In Chinua Achebe's novel Things Fall Apart, Okonkwo is the protagonist and the tragic hero. Okonkwo becomes the tragic through his power, actions, and his tragic flaw. .
Okonkwo is a very powerful member of the Ibo people who is both honored and feared. His fame is apparant when Achebe states, "Okonkwo was well known throughout the nine villages and even beyond." (3) He becomes famous by throwing Amalinze the Cat despite the tattered name his father Unoka has given his family. Okonkwo's father was known as a lazy debtor throughout the village. Okonkwo's greatest fear was being like his father. His fear developed him into an anti-Unoka in some aspects. Although he starts with very little, Okonkwo becomes more fortunate through hard work and it is said that, "prosperity was visible in his household"(14). .
Okonkwo's major flaw is his fear and consequently fear of being thought of as a failure like his father. Okonkwo's fear leads him to the extreme. Unoka was a very lazy and carefree man who has a reputation of being "poor and his wife and children had just barely enough to eat" (5). Okonkwo teaches himself the expectations of being a respectable man. As a result of his own conclusions, Okonkwo feels that anything resembling his father or anything that his father enjoyed was weak and unnecessary. .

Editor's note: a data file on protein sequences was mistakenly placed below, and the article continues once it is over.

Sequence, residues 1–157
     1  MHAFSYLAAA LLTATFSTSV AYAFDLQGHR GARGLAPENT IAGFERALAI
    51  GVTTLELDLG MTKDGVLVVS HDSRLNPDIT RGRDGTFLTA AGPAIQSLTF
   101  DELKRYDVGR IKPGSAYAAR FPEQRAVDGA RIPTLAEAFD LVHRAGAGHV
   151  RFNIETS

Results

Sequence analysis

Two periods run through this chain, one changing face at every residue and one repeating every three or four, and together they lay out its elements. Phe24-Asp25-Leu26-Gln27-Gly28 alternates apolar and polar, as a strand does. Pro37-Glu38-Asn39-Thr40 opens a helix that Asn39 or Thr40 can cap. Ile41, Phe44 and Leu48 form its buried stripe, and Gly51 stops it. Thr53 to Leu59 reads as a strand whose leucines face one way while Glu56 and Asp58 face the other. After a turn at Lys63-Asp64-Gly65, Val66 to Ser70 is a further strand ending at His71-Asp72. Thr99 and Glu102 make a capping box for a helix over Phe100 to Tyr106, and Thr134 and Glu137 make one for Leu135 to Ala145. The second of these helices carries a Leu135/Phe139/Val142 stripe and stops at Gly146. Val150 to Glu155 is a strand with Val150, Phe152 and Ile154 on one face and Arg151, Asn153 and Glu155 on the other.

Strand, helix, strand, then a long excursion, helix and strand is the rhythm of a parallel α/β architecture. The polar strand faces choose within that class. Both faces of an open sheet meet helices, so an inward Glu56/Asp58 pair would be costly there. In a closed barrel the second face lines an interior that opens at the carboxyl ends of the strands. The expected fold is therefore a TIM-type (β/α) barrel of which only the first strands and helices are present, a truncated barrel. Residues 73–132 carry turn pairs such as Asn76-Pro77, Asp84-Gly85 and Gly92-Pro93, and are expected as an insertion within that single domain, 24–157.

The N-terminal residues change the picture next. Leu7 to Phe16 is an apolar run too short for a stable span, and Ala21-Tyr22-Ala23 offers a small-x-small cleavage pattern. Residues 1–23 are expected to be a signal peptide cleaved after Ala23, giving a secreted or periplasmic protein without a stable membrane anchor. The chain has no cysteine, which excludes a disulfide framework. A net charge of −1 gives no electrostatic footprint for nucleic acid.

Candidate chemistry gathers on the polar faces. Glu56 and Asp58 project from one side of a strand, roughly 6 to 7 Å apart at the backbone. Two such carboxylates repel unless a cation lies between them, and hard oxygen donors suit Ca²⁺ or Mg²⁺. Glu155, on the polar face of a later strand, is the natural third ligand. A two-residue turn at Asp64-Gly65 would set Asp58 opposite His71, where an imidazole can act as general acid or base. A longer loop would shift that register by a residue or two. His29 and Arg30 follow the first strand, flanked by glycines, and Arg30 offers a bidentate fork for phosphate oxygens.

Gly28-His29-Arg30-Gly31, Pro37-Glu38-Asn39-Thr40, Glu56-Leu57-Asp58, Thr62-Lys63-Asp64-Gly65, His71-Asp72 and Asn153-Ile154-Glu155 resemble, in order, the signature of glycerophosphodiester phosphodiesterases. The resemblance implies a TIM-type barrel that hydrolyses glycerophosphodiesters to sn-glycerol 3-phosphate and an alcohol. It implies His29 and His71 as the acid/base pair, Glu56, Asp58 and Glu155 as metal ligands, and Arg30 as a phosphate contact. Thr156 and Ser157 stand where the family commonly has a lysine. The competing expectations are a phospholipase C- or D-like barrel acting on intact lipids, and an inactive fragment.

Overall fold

Okonkwo's extreme actions eventually lead him to his downfall. Although his actions due to his anger have given him titles and a place in the upper class of Umofia, it eventually destroys him. Okonkwo is very abusive to his son; for example, when Nwoye overhears that Ikemefuna was to be "taken back to his village, [he] burst into tears. [Okonkwo] beat him heavily." (57). Okonkwo strives to instill his personal views on how to live as a man to his own son. Okonkwo feels that crying is very womanly therefore Nwoye is punished for it. Okonkwo's inability to control his anger eventually drives his son away from him instead of teaching him what is right and what is wrong.